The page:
How to Locate Ceiling Joists

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You can't really "feel" where the joists are with your hands.
You can't really "feel" where the joists are with your hands. (Image: Thinkstock/Stockbyte/Getty Images)

When you need to attach something to a ceiling, such as a drywall overlay, a light fixture, a fan or even a plant hanger, you need to know where the joists are. Locating them is often straightforward, and the methods for finding them are the same whether the ceiling is in the house, the garage or even on a covered porch. Uniform building standards require precise joist spacing to accommodate sheet-type materials, like drywall and plywood, so finding one joist makes it simpler to find the rest.

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Stud Finder

Although ceiling joists are not studs -- studs run vertically in walls -- a stud finder is an excellent way to locate them in a drywall-covered ceiling. High-quality stud finders are pricey, but you can rent one from a construction supply rental store for a reasonable fee. The best stud finders locate the outer edges of a joist, which then allows you to pinpoint the joist’s exact center. Digital displays vary depending on the brand of stud finder, but they all work by sliding the finder along the ceiling until it senses a joist. Not everyone wants to run out and rent or buy a stud finder, though, and while it’s a handy tool, you can locate ceiling joists without one.

Tapping and Test Holes

The tapping-detection method requires paying close attention to subtle changes in the way the ceiling feels and sounds as you tap. Tapping, with knuckles or lightly with a hammer, between joists, produces a hollow or echo sound. Tapping over a joist sounds more solid.

When you think you’ve located a joist, drive test nails to find the exact edges and the center of the joist. When you hit a joist, the nail will be difficult to drive, but when you miss the joist, it will slip through the drywall easily. You might end up with a few test holes, but you can fill them later with drywall compound or putty.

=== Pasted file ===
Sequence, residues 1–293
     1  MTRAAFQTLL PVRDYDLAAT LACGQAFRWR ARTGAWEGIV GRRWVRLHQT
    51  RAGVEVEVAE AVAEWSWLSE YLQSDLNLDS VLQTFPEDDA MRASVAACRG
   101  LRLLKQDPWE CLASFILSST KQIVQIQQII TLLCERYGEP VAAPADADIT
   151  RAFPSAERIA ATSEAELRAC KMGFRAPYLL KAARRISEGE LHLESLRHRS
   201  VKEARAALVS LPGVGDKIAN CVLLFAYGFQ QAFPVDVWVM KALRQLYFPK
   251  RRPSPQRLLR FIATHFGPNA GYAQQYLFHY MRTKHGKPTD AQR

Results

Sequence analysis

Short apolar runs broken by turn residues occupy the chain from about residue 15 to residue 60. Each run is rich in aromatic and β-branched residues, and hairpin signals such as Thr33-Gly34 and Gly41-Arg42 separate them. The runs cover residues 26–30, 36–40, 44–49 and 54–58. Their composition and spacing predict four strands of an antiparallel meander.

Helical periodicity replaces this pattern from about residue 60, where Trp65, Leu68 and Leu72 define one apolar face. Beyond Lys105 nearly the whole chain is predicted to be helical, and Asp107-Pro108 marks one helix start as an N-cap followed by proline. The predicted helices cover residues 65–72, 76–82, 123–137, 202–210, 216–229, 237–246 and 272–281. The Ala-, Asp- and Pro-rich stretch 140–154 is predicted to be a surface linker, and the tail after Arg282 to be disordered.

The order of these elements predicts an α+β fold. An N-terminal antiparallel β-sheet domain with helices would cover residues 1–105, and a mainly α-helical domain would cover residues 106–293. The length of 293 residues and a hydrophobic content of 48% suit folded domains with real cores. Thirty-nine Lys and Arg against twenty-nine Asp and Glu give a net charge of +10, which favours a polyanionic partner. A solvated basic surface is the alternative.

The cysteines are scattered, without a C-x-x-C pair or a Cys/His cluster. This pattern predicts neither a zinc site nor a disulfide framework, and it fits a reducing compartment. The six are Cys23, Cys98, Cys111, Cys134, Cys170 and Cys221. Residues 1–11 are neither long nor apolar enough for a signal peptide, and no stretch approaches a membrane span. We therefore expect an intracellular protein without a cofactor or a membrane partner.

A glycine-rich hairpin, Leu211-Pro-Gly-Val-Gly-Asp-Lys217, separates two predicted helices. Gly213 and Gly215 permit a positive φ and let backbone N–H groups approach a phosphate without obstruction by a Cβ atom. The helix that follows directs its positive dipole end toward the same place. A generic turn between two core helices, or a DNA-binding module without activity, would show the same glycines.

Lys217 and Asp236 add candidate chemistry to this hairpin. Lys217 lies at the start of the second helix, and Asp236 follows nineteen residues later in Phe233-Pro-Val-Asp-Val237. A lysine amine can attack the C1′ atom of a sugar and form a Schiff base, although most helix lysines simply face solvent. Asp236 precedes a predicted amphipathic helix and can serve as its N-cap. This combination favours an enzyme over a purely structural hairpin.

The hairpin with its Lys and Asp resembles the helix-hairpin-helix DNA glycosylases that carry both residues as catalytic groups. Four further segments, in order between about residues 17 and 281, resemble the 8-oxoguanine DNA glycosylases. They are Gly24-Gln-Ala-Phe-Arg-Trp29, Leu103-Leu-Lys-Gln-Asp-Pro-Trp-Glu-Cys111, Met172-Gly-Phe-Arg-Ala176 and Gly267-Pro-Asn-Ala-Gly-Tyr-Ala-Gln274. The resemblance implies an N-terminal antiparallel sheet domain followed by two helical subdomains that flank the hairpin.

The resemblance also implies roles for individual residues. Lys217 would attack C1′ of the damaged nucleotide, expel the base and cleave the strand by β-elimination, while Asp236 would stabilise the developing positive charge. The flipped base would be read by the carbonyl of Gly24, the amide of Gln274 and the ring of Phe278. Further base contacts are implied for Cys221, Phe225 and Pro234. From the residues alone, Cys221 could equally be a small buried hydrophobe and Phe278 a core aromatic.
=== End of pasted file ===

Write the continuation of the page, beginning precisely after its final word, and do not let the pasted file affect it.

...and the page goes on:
Detect by Measuring

When you’ve located the edge of one joist -- measure back ¾ inch to find the joist’s center, and then measure over 16 inches to find the center of the next joist. If you come up empty, try measuring 24 inches from the center of the first joist. While many ceiling joists are on 16-inch centers, some are on 24-inch centers. Don’t guess where additional joists are. If you’re installing drywall, locate and snap chalk lines on the centers of every joist.

Plaster Ceilings

Some historical homes still have thick plaster ceilings, and this makes it tricky to find joists. A stud finder is impractical on plaster, and tapping is useless. If you have access to the attic, measure from a sidewall to the nearest parallel joist and then transfer that measurement to the ceiling below. Confirm by making test holes with a long nail or a 1/8-inch drill bit.

One of the biggest problems with joist placement in old plaster ceilings is that while the joists might be evenly spaced, there’s no guarantee because sheet material was not in use during construction, so uniform spacing was frequently ignored. The only reliable way is to make test holes to locate the edges and centers. Keep test holes a couple of inches away from the wall all the way across the ceiling on both sides. Old joist configurations can be off-kilter, so locate each joist individually and snap chalk lines to indicate the centers.

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